Tuttle Capital, an ETF management firm, released a new fund with an on-trend name—FOMO. What is FOMO all about? How can it help investors with a "fear of missing out?"
Released in tandem with the FATT ETF, Tuttle Capital is making a serious statement about the current markets with these yin-yang funds.
What is FOMO? The lowdown on this new ETF
The markets move quickly, and investors are often left lagging after swift swings in either direction. This leads to losing money or leaving it on the table. Through its active strategy, FOMO aims to combat this issue by providing a curated basket of popular securities.
The fund favors individual stocks but can diversify with other ETF or ETN funds, short sales, SPACs, and cryptocurrency. Unlike other funds, CEO and chief investment officer Matthew Tuttle says, "We wanted something that could adjust really quickly to whatever happens to be the hotter or trending areas of the market." He achieves this through frequent rebalancing and managed concentration.
Innovative technology also has some space in the FOMO ETF.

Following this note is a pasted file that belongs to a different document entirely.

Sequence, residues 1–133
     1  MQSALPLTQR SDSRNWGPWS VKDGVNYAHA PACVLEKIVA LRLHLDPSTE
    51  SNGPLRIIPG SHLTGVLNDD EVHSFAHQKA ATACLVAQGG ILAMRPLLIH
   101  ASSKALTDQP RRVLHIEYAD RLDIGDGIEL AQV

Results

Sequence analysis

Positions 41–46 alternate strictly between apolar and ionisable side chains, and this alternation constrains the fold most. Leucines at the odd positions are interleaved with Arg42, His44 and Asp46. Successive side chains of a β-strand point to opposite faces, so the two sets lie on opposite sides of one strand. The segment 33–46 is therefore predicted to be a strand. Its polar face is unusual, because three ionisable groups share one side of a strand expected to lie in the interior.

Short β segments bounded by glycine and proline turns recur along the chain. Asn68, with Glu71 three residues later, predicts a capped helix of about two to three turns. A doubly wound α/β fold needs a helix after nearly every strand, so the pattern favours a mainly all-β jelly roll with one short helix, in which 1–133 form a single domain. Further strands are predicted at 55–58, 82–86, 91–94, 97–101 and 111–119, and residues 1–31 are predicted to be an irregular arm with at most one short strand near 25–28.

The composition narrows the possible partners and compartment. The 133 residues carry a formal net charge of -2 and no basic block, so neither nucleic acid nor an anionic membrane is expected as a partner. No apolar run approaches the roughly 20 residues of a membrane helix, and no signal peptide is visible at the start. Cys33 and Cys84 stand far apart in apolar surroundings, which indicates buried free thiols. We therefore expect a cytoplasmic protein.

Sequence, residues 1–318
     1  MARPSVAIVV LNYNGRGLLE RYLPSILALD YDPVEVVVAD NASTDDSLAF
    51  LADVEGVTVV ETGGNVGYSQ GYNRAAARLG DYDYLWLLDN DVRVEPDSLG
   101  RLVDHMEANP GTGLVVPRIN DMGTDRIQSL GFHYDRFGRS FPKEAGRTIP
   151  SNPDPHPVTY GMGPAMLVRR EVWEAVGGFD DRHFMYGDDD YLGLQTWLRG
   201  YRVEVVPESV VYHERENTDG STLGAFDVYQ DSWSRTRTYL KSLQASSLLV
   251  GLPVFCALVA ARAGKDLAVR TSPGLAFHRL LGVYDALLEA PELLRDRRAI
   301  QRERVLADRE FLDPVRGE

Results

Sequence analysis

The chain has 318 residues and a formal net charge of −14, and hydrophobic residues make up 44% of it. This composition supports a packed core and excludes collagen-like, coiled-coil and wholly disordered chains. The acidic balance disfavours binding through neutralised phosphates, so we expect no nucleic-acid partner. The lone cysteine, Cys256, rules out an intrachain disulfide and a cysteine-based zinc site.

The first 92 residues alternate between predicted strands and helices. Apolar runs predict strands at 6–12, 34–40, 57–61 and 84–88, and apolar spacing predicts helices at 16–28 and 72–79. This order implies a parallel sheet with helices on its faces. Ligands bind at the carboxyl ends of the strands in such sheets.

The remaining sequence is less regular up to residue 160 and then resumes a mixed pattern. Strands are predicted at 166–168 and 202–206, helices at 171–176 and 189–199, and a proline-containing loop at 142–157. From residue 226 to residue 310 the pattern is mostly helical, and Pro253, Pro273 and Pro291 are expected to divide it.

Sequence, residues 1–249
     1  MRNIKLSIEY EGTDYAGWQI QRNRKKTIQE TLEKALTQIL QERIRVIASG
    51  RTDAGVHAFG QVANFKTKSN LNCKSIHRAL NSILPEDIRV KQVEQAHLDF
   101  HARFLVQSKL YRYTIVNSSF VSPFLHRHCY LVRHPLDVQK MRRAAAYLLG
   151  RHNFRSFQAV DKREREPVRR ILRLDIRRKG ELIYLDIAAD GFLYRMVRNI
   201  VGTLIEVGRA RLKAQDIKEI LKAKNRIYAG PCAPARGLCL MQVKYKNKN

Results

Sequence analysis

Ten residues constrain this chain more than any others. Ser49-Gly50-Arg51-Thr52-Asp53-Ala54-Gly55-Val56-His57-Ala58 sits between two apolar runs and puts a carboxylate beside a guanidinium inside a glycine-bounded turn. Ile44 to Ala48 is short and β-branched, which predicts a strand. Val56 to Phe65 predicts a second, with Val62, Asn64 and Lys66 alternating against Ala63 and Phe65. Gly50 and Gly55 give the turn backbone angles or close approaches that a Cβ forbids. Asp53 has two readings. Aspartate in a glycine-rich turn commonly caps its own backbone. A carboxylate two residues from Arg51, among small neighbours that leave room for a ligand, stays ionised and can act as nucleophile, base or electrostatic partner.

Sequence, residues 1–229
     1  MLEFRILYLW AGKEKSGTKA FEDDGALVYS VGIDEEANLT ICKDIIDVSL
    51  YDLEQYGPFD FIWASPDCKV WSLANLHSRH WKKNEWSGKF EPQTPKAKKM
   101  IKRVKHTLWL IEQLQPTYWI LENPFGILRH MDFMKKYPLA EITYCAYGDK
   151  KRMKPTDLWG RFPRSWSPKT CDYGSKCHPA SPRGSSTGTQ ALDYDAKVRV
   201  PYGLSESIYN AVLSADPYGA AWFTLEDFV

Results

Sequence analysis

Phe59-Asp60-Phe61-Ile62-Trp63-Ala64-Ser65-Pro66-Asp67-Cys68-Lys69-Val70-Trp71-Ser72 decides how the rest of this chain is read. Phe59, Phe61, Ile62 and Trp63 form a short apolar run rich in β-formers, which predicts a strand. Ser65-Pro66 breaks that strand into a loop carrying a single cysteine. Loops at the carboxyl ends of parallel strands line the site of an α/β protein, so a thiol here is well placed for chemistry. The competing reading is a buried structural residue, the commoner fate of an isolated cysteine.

How the FATT ETF complements FOMO
The Fat-Tail Risk ETF (FATT) focuses on a particular chart trend. A "tail risk" is a less likely, more extreme return at least three standard deviations from the distribution curve's bulge. More market disruptions lead to fatter tails.
FATT seeks to capitalize on a time of heightened volatility. "Traditional investments can’t be relied upon to protect from the next market decline, and traditional tail risk strategies cost too much during bull markets," says Tuttle.
Together, FATT looks to hedge in downturns, while FOMO seeks to grab thematic opportunities. The two serve a complementary function, which is a good sign for Tuttle Capital.
FOMO and FATT come after another dual ETF release
On May 19, Tuttle announced the release of two new ETFs—the De-SPAC ETF (DSPC) and the Short De-SPAC ETF (SOGU), which bet on and short popular SPACs, respectively.
Tuttle doesn't seem to be leaving any stone unturned.
Tuttle Capital might not be be a low-key operation in the active ETF heyday
A small LLC without a well-known headquarters, Tuttle Capital has hit a soft spot in the market with its latest ETF releases. The company's CEO and CIO lives in Riverside, Conn.
Actively managed ETFs are becoming increasingly popular—see the VanEck Vectors Social Sentiment ETF (BUZZ) and the ARKK Innovation ETF (ARKK), for example. This could be a good opportunity for Tuttle, but some investors might be wary of the high expense ratios. FOMO has a 0.9 percent fee, while FATT has a 1.15 percent fee—much higher than the average active expense ratio of about 0.6 percent.
Investors will be able to see how FOMO and its counterpart trend over the next few months and years. With volatility expected to continue as the global market economies recover, now might be a good time to test the waters.